Gov. Jerry Brown vetoed a bill on Friday that would have changed the way California collects data on Asian-Americans.
Introduced by Assemblymember Rob Bonta, Assembly Bill AB-176 aimed to revise state guidelines to include more groups from the diverse Asian and Pacific Islander communities. State forms, for instance, could have been expanded to include separate categories for Hmong, Taiwanese, Indonesian, Malaysian, Pakistani, Thai, and others, rather than lumping all these groups under "Asian."
Civil rights group Asian-Americans Advancing Justice (AAAJ) criticized the decision, saying that data is meaningless unless it addresses nuances among the different ethnic groups.
In a press release, AAAJ said that, "The data was sought to help policymakers, businesses, and community leaders better address the wide education and health disparities that exist across the spectrum of AAPI ethnic groups."
While it has been long reported that Asian-Americans have above-average test scores and enroll in college at high rates, a closer look reveals a steep disparity between specific ethnic groups. While 70 percent of Indians over 25 years of age have a bachelor's degree or higher, only 10 percent of Laotian adults have similar degrees, reports NBC News.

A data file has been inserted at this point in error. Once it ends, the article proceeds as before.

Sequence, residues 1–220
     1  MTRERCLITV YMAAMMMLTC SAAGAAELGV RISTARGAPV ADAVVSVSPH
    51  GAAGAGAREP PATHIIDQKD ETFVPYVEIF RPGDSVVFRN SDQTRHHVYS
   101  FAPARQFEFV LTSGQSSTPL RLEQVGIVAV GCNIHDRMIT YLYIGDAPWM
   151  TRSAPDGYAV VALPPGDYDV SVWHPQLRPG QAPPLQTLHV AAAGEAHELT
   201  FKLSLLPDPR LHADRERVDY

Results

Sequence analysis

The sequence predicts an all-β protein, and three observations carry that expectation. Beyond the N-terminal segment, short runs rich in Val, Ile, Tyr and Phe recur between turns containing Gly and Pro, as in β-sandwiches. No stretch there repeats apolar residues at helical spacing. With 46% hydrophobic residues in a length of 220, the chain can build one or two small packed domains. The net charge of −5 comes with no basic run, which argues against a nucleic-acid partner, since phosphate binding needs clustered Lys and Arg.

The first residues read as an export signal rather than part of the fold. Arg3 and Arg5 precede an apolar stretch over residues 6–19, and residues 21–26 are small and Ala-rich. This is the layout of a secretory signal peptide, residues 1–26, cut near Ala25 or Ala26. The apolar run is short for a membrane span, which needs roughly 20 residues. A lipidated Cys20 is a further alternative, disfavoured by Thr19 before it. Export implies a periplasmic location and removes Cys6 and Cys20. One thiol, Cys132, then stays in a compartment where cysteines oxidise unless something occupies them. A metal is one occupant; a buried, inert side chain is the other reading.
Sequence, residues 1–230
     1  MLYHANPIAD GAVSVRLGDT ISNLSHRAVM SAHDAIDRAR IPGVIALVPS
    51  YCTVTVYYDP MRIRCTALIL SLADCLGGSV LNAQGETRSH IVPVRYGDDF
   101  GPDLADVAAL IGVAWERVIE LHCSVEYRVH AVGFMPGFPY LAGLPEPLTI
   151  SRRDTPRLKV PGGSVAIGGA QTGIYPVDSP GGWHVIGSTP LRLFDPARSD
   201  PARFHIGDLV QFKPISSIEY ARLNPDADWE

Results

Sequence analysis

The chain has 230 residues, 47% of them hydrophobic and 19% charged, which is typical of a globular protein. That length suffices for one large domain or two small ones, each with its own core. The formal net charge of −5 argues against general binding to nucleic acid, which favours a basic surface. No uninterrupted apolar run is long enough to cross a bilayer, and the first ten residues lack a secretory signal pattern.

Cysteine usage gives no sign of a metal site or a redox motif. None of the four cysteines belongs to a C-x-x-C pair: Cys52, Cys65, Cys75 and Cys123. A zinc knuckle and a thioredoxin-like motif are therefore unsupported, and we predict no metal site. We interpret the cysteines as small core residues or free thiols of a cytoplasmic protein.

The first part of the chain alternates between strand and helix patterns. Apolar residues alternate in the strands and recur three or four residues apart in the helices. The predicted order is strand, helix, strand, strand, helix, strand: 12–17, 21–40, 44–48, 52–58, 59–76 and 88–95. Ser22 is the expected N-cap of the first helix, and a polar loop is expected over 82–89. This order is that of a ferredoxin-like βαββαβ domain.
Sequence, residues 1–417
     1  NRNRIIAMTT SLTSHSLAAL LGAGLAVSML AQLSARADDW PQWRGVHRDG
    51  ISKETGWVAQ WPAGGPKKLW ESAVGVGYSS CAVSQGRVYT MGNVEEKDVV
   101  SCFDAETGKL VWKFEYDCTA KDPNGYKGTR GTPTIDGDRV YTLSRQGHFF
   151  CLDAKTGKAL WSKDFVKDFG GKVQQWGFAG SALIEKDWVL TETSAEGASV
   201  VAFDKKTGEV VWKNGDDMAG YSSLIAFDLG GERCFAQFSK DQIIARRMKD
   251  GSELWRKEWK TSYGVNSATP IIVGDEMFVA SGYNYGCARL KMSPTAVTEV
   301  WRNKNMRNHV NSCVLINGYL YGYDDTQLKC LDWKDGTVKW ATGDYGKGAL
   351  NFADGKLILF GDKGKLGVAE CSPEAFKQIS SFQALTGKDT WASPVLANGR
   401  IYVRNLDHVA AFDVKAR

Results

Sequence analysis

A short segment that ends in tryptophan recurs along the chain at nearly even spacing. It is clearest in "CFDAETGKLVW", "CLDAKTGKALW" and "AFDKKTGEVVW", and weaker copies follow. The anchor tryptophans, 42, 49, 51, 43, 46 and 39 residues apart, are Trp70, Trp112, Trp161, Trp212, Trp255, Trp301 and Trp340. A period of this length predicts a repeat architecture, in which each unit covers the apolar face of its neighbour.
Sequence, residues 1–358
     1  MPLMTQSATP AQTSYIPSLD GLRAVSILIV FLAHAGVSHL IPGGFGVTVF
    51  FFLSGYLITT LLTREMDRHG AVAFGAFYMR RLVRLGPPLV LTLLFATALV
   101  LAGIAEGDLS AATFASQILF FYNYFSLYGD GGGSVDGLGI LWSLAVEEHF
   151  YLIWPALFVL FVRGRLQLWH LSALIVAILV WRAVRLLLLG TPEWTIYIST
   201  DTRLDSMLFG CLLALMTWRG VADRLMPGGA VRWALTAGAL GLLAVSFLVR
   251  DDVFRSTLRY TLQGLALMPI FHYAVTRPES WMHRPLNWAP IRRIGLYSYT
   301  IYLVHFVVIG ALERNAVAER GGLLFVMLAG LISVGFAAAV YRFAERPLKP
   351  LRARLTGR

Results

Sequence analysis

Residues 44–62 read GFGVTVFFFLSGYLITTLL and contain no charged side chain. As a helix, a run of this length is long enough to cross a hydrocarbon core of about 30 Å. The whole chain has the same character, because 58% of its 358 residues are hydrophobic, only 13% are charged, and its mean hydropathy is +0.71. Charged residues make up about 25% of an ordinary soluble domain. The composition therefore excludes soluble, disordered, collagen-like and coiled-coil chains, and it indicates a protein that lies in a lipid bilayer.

The differences extend to socio-economic status as well. While the median income for an Asian household is $71,709, the figure falls below the national average, $53,000, for Hmong, Cambodian, and Bangladeshi households, reports ThinkProgress.
In a letter explaining his decision, Brown said that he understood that disaggregated data could “help elucidate how our laws and programs can be shaped to reflect a changing population,” but concluded that he was “wary of the ever growing desire to stratify.”
“To focus on ethic identity may not be enough,” wrote Brown.